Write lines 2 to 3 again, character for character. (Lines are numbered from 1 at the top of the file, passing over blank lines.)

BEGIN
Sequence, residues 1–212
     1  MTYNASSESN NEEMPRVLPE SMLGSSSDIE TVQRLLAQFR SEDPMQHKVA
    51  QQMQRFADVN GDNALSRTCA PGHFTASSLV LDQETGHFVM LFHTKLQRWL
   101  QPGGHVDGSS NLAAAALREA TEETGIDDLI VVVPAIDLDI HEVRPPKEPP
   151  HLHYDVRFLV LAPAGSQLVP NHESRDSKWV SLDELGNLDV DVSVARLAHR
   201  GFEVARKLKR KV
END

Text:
     1  MTYNASSESN NEEMPRVLPE SMLGSSSDIE TVQRLLAQFR SEDPMQHKVA
    51  QQMQRFADVN GDNALSRTCA PGHFTASSLV LDQETGHFVM LFHTKLQRWL